David has taught college history and holds an MA in history.
Bad Neighbors, Bad Neighborhood
There are few nations in the world that have fought with their neighbors as much as Israel has. Despite having only been a nation proper for just over 70 years, Israel has fought a war (and sometimes multiple wars) with Egypt, Syria, Jordan, and Lebanon, all of them next-door neighbors. In 1982, Israel and Lebanon fought a war over control of a border zone that had been a hot spot for terrorism.
Start of the Conflict
Lebanon, like many of Israel's neighbors, has both harbored and sponsored terrorist groups that target both the Israeli Defense Forces (IDF) and civilian populations. Their sponsorship of the Palestinian Liberation Organization, a terrorist group that uses violence to bring about a free and independent Palestinian state, had resulted in years of armed conflict on the Israeli-Lebanon border, since the PLO would organize attacks in Lebanon, then carry them out on or near Israeli territory. The IDF decided they needed a military operation in the border area to provide a safe zone against terrorist attacks, launching Operation Litani in 1978.
The IDF and the Lebanese army worked out a treaty where Israel occupied parts of the area to root out PLO leadership. While the IDF leadership announced success later that year, attacks from the PLO continued throughout the buffer zone area.
In 1982, a failed assassination attempt on an Israeli politician convinced the nation's leadership that they needed more aggressive retaliation in southern Lebanon. The IDF stepped up its military campaign, while the PLO also intensified its attacks. Israel's military attacked as far north as Beirut, the capital and largest city of Lebanon, at which point next-door Syria sent its own soldiers into smaller, weaker Lebanon to fight the IDF, starting the war.
Attack and Withdrawal
Just as Israel had defeated Syria in the 1968 Six-Day War, their superior air and ground forces again outmatched Syria's. Syria lost about 100 fighter jets and failed to relieve the pressure on Beirut. IDF planes, with air superiority, could now attack Syrian ground targets: the Battle of the Beirut-Damascus Highway was a one-sided victory for Israel, destroying hundreds of Syrian military vehicles.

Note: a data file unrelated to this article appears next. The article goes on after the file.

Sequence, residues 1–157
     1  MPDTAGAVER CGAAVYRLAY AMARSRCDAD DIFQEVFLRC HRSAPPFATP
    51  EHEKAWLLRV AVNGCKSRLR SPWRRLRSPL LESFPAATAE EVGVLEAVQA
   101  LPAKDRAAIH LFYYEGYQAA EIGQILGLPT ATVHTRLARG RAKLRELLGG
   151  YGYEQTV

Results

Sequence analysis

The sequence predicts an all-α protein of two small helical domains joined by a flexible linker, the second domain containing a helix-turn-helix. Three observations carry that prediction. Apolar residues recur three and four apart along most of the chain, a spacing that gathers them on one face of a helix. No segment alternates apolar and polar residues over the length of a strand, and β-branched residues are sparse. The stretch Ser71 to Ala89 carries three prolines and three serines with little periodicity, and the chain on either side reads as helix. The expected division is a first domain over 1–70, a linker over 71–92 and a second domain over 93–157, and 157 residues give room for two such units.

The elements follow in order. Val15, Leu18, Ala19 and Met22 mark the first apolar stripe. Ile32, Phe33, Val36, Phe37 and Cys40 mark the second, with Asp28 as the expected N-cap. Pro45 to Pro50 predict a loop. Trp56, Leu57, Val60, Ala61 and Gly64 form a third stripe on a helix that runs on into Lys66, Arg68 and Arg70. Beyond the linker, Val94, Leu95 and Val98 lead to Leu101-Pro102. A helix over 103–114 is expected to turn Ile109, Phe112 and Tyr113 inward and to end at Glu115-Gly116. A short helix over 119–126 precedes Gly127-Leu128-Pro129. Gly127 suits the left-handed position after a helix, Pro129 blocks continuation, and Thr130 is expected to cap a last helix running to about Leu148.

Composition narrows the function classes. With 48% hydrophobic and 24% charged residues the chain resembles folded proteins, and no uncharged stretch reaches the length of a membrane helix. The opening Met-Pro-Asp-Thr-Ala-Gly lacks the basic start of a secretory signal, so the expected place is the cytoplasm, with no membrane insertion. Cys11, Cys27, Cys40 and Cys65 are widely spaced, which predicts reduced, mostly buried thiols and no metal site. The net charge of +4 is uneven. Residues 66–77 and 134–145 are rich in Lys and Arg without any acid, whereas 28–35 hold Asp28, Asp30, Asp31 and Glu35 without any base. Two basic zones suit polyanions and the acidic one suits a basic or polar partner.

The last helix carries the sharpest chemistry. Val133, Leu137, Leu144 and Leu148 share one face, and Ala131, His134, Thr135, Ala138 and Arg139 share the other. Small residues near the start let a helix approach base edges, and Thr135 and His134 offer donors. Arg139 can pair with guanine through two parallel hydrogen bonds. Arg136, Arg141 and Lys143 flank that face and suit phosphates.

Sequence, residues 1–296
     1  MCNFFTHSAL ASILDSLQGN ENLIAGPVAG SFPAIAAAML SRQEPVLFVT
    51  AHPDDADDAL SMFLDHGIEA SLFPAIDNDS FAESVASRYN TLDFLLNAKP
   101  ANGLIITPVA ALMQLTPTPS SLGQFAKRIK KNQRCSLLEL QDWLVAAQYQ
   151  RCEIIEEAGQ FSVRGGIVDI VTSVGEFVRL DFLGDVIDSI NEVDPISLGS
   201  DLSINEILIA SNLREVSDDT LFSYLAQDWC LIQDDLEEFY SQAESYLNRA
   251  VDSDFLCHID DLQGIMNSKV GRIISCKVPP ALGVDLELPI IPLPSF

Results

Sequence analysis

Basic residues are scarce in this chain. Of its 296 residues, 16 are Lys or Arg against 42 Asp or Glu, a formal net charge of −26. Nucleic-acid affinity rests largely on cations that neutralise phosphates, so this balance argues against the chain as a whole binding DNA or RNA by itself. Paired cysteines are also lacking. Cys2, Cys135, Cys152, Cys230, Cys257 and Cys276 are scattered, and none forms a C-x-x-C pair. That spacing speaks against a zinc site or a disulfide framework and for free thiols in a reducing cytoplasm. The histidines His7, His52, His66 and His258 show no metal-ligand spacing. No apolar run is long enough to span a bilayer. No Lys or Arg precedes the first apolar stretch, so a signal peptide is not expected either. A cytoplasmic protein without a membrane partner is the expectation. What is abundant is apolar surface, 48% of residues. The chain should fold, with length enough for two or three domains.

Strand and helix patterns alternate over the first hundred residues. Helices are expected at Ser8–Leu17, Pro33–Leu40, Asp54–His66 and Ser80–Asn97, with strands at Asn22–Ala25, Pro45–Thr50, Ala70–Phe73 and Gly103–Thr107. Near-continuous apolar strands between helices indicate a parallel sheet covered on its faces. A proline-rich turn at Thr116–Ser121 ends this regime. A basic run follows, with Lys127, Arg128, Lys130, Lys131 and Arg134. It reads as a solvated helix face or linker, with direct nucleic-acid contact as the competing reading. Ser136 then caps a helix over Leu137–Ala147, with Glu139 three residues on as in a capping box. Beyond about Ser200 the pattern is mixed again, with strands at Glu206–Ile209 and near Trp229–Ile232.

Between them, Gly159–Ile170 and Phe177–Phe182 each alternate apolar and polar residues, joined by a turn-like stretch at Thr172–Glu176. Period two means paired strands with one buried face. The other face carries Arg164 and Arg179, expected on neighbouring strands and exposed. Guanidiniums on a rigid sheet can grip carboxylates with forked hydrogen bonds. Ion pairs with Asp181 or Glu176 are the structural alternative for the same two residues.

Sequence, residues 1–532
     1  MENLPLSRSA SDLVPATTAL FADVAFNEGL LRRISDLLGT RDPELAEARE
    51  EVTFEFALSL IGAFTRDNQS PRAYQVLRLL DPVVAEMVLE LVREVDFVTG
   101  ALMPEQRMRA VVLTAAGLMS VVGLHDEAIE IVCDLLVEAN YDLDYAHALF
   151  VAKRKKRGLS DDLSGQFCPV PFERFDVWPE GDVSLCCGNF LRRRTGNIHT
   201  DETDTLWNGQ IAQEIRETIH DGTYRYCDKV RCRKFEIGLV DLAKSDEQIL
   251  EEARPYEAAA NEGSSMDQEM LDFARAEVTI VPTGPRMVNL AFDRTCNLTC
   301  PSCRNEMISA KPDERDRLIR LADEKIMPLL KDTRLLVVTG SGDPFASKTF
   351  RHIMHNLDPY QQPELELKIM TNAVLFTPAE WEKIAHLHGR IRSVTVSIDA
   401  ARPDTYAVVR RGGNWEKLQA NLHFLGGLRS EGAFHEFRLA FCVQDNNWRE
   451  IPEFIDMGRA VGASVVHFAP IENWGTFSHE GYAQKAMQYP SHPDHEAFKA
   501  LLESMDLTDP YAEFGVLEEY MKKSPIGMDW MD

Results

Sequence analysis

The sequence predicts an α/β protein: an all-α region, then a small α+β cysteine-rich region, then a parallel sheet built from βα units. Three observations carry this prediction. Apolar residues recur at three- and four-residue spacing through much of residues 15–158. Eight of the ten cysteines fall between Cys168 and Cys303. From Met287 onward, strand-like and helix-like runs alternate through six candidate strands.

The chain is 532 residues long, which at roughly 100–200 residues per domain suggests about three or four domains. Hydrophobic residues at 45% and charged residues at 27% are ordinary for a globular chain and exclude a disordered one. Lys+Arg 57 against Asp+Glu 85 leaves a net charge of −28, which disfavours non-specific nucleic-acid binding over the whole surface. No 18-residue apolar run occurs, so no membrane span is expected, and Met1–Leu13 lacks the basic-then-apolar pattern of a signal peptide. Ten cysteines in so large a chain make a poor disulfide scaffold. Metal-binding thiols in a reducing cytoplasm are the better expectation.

Meanwhile, Israeli politicians began planning to restructure Lebanon's entire government, empowering Christian and non-Muslim minorities, while pushing out the politicians believed to be under control of the PLO and Syria. Between July and August, the IDF blockaded Beirut, and the PLO leadership only escaped under the protection of a multinational peacekeeping unit.
A new Lebanese president, Bashir Gemayel, was assassinated just a few weeks after his election. The IDF attacked several areas in Beirut in response, while Lebanese Christians attacked Palestinian civilians in retaliation. By late August, however, the United States had led a ceasefire negotiation that resulted in all foreign fighters - Israeli, Palestinian, and Syrian - leaving battered Lebanon. While Israel withdrew, they also faced a fresh barrage of terrorist attacks, some doing more damage than the PLO or Syrian military ever managed. Hezbollah, a prominent Islamic militia, developed during this time, and grew to be one of the largest terrorist organizations in the Middle East today.
Israel continued to occupy some border regions, while also financing operations by Christian Lebanese militias against Islamic militias like Hezbollah. This led to a 15-year civil war, as well as a growing occupation of Lebanon by next-door Syria, which only ended in 2005. Lebanon remains a poor nation with weak leadership, an excellent breeding ground for Islamic fundamentalism and terrorism. Sponsorship of organizations like the PLO and Hezbollah continues to this day, and attacks against Israeli soldiers and civilians remain common.
The Israeli Defense Forces fought a brief war with the Palestinian Liberation Organization and the Syrian military in 1982. Israel's military was stronger by far and won every battle, but failed to do long-term damage to the PLO and prevent future attacks. The war left Lebanon in shambles, with rival militias battling for control, and today attacks against Israel continue.
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